Thread: CCTV
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Old February 14th 20, 05:08 PM posted to uk.telecom.broadband
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Posts: 76
Default CCTV

"Graham J" wrote in message
NY wrote:
"Woody" wrote in message
Can anyone recommend a wireless IP camera that works without needing to
talk to a server somewhere at a cost, and itself doesn't cost the earth?
I want to be able to view its output from my phone.

Ideally the camera should be waterproof so it can be outside, and need
only a power supply from a wall-wart. I don't need an internal SD card
for storage, and I don't need it to be remotely moveable, just have a
lens and some IR LEDs for night-time.

We have a couple of Foscam F18910W cameras which are a few years old now.
The picture quality isn't brilliant and the lens focus changes between
visible light and IR (so you have to focus manually for one or the
other - there's no remote electronic adjustment). I'm not sure how
waterproof they a I've only ever used them indoors. They are remotely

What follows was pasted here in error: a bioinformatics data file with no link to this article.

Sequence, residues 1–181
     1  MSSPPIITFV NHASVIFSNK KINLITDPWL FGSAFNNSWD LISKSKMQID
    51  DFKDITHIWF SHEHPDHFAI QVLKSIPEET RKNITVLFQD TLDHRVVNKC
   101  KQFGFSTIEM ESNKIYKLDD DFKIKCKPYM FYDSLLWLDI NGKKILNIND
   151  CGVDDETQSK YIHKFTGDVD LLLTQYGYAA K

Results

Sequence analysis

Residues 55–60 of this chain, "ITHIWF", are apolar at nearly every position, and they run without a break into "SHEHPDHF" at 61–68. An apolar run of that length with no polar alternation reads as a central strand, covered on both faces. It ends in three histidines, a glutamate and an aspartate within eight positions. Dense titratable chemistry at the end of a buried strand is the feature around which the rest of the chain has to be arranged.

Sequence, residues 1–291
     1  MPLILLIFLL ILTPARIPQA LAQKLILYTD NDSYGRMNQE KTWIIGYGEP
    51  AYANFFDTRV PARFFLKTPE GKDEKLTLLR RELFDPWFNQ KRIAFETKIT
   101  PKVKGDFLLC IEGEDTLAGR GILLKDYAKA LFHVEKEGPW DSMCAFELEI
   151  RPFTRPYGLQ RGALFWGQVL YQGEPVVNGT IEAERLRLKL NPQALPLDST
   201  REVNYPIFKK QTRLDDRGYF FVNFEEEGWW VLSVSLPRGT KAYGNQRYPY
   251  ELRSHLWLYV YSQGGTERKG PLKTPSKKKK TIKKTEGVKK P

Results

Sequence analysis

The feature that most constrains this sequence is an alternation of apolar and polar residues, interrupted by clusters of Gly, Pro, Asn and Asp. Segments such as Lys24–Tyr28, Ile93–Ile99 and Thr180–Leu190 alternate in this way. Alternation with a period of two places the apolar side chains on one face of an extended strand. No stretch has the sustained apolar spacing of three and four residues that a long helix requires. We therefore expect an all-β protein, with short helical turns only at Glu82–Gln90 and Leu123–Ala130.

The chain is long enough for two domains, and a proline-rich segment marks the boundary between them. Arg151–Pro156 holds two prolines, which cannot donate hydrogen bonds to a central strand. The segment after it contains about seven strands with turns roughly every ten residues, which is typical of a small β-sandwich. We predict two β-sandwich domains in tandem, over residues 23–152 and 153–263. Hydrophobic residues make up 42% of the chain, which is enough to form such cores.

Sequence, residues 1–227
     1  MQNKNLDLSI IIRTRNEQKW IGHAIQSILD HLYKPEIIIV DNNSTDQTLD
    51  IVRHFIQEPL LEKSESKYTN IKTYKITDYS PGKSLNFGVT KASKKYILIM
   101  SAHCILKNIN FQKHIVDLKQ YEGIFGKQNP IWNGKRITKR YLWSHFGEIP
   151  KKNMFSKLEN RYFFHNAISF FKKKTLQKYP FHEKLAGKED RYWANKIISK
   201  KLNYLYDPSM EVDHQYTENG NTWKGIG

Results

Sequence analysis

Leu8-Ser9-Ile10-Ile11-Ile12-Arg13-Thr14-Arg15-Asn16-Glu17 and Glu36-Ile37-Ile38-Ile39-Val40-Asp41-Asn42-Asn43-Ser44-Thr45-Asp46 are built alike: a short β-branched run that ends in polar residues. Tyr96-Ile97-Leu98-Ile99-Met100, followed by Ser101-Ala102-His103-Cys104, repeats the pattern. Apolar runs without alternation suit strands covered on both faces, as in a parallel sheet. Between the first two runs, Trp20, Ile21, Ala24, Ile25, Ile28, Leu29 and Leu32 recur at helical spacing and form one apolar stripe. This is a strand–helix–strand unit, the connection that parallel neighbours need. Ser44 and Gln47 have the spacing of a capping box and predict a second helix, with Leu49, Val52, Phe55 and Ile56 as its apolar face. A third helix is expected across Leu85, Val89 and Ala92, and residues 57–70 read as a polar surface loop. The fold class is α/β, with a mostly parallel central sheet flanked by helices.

moveable, so that's a feature which you don't actually need, but could
come in handy. They are powered from mains wall-warts.

They present a web interface on a LAN IP address - you either configure
the cameras to use a static IP or else (a better solution) configure your
router to reserve a fixed IP address.

The cameras come with a dynamic DNS entry so (for
some value of 1234) automatically points to your router's WAN IP when
accessed from outside your LAN. It requires setting up port forwarding in
the router to allow (for example) and of your WAN IP to redirect to and respectively.

Or you can have a static public IP provided by your ISP and configure your
router for port forwarding tothe camera.

Yes, having a static WAN IP avoids the need to use DDNS for URL-to-IP
mapping. Either way, you still need to set up port fowarding.

If you can get one with PoE it may be better to run outdoor grade Cat5
cable (maximum 100 metres length) to the camera - this avoids the
unreliability of WiFi, and doesn't require the camera's location to have
mains power.

Assuming that camera supports power over Ethernet. I don't think mine does,
though I don't have any way of injecting power into an Ethernet cable from a
remote point so I can test it.

I always prefer to use Ethernet rather than wifi for anything if there's the
choice ;-) If it involves drilling holes through walls or ceilings to run
Cat 5, wifi is usually considerably easier...